You can watch the premiere of the pilot for our new show, Roger That!, online for free. Read "Roger That! Show Premiere"
Our pets are part of our family, so adding photos of them to your home can be a fun way to personalize your decor. But if you think getting good photographs of your kids is difficult, you'll soon find that dogs are an even greater challenge.
Here are five tips that will give you a better shot at capturing great images of your furry friends.
1. Get down on all fours.
We've seen our friends and family post an endless stream of dog snapshots on Facebook, but almost all of them are from the same perspective: A camera pointing down at a dog sitting on the floor. This results in predictable and unflattering images. Instead, get down to your dog's eye level. The resulting photos will capture your pup's character and highlight his eyes. It will also help your dog relax, as it will feel more like play with his master. Warning: It's likely that you will end up with puppy kisses on your camera lens.
2. Avoid distracting backgrounds.
Busy backgrounds are the scourge of quality portraits. If you have a high-end camera with a good lens, you may be able to combine sharp focus on your dog's face with a nicely-blurred background. If not, try staging the portrait in front of a neutral wall. This will prevent details like your dog's fur from getting obscured by distracting elements behind him.
3. Bribe, bribe, bribe.
Dog treats or bits of kibble are a dogtographer's second-best friend. Go for small, pocketable treats that can be eaten in a single gulp. Keep them coming for a bit to ensure he knows it isn't a one-time treat. He'll be more focused on you and more likely to look at you while you photograph. If your dog is good at waiting for treats, try holding the snack very close to the camera lens to ensure he is looking right into the camera.
4. Lots of light, but not lots of flash.
Find the brightest room in your house - or even go outside. Your dog will be squirming around, so you need a well-lit location to ensure your camera can use a sufficiently-fast shutter speed to capture sharp photos. Avoid using your flash - it tends to make dogs look a little ghoulish - unless your camera has an especially good fill flash that can be controlled manually. If that all sounds like gibberish...just stick with the well-lit room.<.p>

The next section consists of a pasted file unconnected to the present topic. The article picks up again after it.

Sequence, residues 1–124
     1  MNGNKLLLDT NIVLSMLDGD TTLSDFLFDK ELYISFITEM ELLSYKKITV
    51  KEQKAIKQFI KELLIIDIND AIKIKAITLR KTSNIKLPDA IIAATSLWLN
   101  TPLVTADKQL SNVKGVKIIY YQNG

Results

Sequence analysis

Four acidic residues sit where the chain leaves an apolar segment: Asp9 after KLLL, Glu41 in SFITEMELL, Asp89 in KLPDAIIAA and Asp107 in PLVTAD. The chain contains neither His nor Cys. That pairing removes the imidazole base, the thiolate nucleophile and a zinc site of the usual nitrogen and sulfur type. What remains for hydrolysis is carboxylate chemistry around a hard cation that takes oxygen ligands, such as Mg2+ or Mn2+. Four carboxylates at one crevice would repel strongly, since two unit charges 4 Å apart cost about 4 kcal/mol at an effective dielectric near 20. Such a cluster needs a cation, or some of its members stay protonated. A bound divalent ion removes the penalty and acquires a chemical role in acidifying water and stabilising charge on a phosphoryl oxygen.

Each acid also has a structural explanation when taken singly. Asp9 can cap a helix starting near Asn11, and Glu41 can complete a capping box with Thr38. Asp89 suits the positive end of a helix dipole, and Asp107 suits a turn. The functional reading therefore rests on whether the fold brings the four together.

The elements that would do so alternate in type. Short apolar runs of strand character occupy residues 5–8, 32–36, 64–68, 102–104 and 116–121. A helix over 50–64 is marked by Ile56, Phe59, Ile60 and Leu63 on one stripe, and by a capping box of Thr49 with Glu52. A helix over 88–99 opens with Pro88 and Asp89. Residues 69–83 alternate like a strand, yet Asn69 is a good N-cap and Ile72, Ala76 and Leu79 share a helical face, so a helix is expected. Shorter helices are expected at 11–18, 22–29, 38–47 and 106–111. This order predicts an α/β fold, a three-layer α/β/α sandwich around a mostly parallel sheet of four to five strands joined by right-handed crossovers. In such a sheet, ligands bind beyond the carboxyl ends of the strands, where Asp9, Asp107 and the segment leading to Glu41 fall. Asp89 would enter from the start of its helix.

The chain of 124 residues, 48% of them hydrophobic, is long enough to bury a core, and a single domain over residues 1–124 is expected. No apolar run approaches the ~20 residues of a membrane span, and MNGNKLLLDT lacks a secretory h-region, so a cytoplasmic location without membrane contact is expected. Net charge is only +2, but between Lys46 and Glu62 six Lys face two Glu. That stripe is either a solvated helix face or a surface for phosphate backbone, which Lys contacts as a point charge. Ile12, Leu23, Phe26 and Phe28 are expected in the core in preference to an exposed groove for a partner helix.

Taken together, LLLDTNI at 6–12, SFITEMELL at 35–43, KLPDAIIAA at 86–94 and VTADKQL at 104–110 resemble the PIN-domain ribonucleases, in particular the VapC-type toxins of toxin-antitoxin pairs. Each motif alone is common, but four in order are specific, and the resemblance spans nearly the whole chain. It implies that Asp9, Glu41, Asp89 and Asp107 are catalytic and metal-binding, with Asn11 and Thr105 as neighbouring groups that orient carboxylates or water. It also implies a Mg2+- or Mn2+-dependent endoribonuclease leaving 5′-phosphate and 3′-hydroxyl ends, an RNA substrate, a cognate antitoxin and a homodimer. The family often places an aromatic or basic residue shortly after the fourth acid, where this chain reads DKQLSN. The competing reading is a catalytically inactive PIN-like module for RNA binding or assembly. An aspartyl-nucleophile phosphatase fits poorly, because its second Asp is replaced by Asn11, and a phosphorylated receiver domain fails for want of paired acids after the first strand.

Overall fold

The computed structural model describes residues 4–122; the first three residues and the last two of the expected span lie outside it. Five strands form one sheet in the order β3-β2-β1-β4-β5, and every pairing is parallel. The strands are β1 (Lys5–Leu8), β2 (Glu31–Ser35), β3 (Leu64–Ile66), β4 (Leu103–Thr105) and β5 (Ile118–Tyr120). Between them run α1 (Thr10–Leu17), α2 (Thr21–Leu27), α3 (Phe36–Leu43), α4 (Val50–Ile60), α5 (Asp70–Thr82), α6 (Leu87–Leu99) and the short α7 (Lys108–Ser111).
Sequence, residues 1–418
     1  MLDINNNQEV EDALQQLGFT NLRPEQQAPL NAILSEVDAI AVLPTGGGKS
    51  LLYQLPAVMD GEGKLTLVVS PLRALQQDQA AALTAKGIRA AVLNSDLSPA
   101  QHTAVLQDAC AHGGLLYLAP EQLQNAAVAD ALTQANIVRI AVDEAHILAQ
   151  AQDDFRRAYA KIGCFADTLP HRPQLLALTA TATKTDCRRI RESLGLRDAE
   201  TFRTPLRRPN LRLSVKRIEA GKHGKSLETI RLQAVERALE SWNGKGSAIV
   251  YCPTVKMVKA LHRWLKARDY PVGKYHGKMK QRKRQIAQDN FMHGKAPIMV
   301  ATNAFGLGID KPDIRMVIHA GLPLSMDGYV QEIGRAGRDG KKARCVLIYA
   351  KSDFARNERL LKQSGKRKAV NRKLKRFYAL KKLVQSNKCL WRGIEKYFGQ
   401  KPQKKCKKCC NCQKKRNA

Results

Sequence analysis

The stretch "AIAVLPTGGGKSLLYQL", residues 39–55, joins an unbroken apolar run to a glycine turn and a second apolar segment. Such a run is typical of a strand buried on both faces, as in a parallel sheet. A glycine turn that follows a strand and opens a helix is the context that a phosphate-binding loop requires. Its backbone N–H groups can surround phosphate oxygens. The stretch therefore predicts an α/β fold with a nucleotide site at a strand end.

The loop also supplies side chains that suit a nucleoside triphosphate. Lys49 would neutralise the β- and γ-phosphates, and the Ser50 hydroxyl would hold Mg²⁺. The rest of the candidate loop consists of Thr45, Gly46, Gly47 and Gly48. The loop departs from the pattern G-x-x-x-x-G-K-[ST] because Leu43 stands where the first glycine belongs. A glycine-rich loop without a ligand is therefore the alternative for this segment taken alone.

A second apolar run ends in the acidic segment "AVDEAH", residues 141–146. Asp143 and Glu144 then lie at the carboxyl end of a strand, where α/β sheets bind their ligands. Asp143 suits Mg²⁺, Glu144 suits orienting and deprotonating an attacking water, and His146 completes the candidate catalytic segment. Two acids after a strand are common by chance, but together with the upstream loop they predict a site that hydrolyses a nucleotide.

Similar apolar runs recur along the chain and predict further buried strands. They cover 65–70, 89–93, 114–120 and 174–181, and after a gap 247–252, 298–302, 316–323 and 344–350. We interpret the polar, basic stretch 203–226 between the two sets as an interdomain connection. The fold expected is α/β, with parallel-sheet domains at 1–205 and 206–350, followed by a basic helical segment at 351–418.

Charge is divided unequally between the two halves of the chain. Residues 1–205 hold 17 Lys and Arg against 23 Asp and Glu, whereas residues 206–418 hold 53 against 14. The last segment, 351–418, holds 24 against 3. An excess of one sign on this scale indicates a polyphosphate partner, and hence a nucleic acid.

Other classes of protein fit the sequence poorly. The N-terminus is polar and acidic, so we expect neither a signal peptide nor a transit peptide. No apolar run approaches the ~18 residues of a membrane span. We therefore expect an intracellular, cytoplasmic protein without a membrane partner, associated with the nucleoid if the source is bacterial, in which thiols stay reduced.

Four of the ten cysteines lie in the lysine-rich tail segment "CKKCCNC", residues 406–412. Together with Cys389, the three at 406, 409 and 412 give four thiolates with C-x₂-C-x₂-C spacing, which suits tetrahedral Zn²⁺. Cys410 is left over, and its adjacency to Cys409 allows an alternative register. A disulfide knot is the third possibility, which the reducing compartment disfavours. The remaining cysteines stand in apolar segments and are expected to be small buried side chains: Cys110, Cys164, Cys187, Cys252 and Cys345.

5. No middle ground - either play up color or remove it.
To really create a fun photo, you'll be happiest (and your pup will look his best) with one that either includes bold colors or is in black and white. If you want to work with color, consider finding a brightly-colored background that contrasts with the color of your dog's coat. You may find that your camera or image editing software offers a contrast boost option to add punch to the photo. Otherwise, try black and white. Regular B&W might look a little dull, so look for an option that boosts highlights and shadows for a more distinctive look. These little tweaks can take your photo from looking like a simple snapshot to something worthy of wall space in your home.
To see how we used dog photos in a home makeover, watch the pilot of our new show Roger That!
Our village hosted the first annual Wee Wheels Tiny Car Show this past weekend. It was a huge success (well, as huge as a tiny car show can be). Here's a gallery of photos from the event. Read "Wee Wheels Tiny Car Show Gallery"
What a difference a few degrees can make. The snow is retreating. Birds are chirping. The crowds have returned to the village. Read "The Grey House: It's April, Fools"
Roger and I are in Atlantic City this weekend for the New Jersey Home & Garden Show. I snuck out of the convention center during a break between sessions to explore the boardwalk and take a few photos. Read "A Rare Sunny Day"
After doing a goat photo shoot (goatoshoot?) that involved chasing a tiny baby goat around the village and taking somewhere in the range of 600 exposures, I discovered that my camera's autofocus system was out-of-whack. Read "The Grey House: Recalibrating Focus"
Roger and I decided that board-and-batten would make a nice addition to the look of our master bedroom. This time, I tackled the project myself. Here's how to do it and what you'll need for the project. Read "The Grey House: Bedroom Board-and-Batten"
Our house has no fireplace. It may seem strange that a home built in the 1800s and nestled between two snowtastic mountain ranges wouldn't have one, but, as a formal village house, it likely served as a secondary summer home for wealthy folks who would venture up during the balmy season and wisely dash back to the city when things got chilly. Read "The Grey House: Sto Very Frustrating"
Buck and I did a little bit of exploring today. Here are some photos from our adventure. Read "The Grey House: Blizzard?"